If education in prison not only changes the life of the prisoners, but cuts crime and saves taxpayers money, it sounds like a good deal ["Prison college program faces growing criticism," News, Feb. 19].
However, many people understandably resent seeing those who have broken the law get a free education. One solution might be to have inmates sign a contract to pay for part of the cost of their education beginning five or 10 years after their release.
Everyone would still benefit, and the inmates would have taken responsibility for some of the cost.
Bonnie Friedman, Central Islip
Gov. Andrew M. Cuomo wants to spend taxpayer money so inmates can earn college degrees while incarcerated.
That's what we need -- more college-educated people without jobs. In a survey of recent college graduates last spring, more than 40 percent said they were underemployed and needed more training. The number of college graduates working minimum- wage jobs is nearly 71 percent higher than it was a decade ago, according to the Bureau of Labor Statistics. However, Cuomo wants us to "invest" $5,000 of tax money on top of the $60,000 already spent on prisoners so they can become college grads. This is insane!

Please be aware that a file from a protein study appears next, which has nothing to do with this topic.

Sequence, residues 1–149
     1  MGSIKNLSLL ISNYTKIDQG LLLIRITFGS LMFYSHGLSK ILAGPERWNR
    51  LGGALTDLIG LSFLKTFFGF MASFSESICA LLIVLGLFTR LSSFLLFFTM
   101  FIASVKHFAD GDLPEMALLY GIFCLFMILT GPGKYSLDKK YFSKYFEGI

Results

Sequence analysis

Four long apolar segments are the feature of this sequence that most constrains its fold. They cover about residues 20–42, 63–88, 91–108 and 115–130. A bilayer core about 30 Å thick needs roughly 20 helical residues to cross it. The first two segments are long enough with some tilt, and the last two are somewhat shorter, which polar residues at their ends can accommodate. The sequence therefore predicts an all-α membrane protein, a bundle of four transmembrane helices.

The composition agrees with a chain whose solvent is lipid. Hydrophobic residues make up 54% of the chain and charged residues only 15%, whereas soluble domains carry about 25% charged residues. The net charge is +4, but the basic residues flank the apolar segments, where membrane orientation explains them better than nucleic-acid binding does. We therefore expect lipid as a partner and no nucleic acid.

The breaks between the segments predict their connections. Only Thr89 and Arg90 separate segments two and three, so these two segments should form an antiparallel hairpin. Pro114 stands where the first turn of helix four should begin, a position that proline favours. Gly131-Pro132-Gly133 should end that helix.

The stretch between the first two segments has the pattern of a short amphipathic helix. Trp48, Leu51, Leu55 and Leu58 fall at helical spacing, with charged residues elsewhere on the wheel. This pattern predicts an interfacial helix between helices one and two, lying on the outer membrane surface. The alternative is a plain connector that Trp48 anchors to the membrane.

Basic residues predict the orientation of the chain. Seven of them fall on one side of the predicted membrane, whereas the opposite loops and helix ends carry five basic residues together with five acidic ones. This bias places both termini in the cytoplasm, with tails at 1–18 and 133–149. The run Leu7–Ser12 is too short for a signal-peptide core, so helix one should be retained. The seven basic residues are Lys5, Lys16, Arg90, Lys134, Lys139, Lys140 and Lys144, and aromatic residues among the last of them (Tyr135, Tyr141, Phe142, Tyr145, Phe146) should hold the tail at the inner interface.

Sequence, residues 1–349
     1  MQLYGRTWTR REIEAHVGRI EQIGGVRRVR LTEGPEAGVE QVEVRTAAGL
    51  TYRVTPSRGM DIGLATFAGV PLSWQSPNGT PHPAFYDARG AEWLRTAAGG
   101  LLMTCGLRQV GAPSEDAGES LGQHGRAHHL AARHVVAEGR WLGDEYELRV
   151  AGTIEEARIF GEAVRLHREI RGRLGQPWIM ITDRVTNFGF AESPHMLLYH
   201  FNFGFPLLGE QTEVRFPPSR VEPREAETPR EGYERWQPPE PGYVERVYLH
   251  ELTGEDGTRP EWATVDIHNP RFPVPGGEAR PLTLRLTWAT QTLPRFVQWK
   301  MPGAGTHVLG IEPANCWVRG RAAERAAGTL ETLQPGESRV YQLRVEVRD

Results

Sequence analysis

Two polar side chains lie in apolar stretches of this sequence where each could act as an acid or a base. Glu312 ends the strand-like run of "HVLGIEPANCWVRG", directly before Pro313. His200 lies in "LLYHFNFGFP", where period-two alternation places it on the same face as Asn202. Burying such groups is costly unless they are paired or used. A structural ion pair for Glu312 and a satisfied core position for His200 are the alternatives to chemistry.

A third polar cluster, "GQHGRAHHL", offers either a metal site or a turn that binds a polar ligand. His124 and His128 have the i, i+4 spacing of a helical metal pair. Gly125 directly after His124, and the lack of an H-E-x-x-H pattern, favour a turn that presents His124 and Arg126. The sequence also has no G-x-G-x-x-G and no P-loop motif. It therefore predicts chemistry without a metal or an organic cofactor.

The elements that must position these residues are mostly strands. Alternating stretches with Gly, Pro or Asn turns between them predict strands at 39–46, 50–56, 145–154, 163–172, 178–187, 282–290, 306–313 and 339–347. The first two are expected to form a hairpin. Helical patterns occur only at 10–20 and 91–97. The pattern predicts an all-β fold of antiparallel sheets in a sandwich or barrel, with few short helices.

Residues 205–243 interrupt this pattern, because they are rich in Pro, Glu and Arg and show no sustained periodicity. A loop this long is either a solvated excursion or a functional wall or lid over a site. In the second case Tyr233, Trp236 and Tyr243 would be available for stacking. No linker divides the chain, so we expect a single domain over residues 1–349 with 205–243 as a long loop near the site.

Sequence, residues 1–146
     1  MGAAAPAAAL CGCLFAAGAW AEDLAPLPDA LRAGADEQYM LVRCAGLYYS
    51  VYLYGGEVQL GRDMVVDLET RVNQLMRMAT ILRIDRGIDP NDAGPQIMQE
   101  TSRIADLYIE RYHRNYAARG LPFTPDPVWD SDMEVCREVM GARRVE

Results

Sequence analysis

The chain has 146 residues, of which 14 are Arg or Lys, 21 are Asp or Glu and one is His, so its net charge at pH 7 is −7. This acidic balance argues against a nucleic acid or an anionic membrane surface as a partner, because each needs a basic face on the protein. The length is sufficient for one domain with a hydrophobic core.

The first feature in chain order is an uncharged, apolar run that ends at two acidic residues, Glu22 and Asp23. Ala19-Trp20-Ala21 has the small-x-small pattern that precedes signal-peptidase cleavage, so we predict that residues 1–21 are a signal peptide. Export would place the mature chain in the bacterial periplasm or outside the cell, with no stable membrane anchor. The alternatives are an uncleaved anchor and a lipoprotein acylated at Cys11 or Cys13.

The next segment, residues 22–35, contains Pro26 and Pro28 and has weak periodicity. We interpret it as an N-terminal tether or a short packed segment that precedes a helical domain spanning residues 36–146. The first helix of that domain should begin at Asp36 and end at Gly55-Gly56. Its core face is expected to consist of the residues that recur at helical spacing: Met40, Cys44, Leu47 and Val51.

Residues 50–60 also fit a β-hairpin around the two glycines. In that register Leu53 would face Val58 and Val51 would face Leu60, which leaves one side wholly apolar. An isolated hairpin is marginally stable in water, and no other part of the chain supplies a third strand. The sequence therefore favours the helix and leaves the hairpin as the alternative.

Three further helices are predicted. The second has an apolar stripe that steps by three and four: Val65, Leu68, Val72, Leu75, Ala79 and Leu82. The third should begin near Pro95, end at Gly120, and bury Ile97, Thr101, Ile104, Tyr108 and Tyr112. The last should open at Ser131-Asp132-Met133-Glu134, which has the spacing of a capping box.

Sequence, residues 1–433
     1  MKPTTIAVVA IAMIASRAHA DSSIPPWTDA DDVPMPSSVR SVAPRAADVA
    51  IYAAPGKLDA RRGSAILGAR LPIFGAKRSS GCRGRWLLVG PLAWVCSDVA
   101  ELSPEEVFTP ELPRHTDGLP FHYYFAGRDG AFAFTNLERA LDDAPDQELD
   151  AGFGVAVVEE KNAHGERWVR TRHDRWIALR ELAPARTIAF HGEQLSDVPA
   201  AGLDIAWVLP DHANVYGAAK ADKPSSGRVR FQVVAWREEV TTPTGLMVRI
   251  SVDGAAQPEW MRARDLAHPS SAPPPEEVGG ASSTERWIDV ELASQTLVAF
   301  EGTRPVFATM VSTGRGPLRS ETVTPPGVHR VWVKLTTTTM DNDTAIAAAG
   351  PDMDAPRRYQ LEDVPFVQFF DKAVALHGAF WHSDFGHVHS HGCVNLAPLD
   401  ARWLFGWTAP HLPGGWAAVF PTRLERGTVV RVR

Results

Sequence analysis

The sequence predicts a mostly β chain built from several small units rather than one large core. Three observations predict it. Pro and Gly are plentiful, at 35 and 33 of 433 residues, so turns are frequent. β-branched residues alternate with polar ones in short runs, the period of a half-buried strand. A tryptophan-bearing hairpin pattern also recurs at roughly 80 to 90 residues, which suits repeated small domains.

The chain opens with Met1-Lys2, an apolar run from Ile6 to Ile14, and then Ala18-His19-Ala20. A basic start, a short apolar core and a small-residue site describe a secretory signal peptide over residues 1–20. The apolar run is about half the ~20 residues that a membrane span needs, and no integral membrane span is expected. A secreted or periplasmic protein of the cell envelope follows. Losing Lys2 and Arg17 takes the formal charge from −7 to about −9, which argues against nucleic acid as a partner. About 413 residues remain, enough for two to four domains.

If we are going to teach prisoners something, let them learn a trade. We need steamfitters, plumbers, electricians, carpenters and other tradesmen; we do not need someone with a degree in the liberal arts.
If we are spending taxpayer funds, it should be spent on skills for which jobs would be more readily available and where there is a need.
Terence Kane, Long Beach
The governor wants to expand free college degrees for prisoners. Does anyone else find this remarkable? I should have told my children not to work, and to go rob a bank. Instead of paying $40,000 per year for college, they could have gotten a free degree.
John Natale, Long Beach